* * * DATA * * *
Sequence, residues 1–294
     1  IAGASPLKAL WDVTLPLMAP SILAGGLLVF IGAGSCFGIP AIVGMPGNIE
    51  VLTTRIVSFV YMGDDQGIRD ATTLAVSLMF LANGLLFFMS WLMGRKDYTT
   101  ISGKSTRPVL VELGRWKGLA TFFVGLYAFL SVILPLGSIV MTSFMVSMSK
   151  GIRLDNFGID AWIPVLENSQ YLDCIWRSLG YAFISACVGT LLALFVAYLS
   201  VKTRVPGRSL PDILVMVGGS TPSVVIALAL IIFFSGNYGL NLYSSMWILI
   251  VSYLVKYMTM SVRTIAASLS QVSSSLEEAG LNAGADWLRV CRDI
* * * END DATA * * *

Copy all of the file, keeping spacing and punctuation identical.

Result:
Sequence, residues 1–294
     1  IAGASPLKAL WDVTLPLMAP SILAGGLLVF IGAGSCFGIP AIVGMPGNIE
    51  VLTTRIVSFV YMGDDQGIRD ATTLAVSLMF LANGLLFFMS WLMGRKDYTT
   101  ISGKSTRPVL VELGRWKGLA TFFVGLYAFL SVILPLGSIV MTSFMVSMSK
   151  GIRLDNFGID AWIPVLENSQ YLDCIWRSLG YAFISACVGT LLALFVAYLS
   201  VKTRVPGRSL PDILVMVGGS TPSVVIALAL IIFFSGNYGL NLYSSMWILI
   251  VSYLVKYMTM SVRTIAASLS QVSSSLEEAG LNAGADWLRV CRDI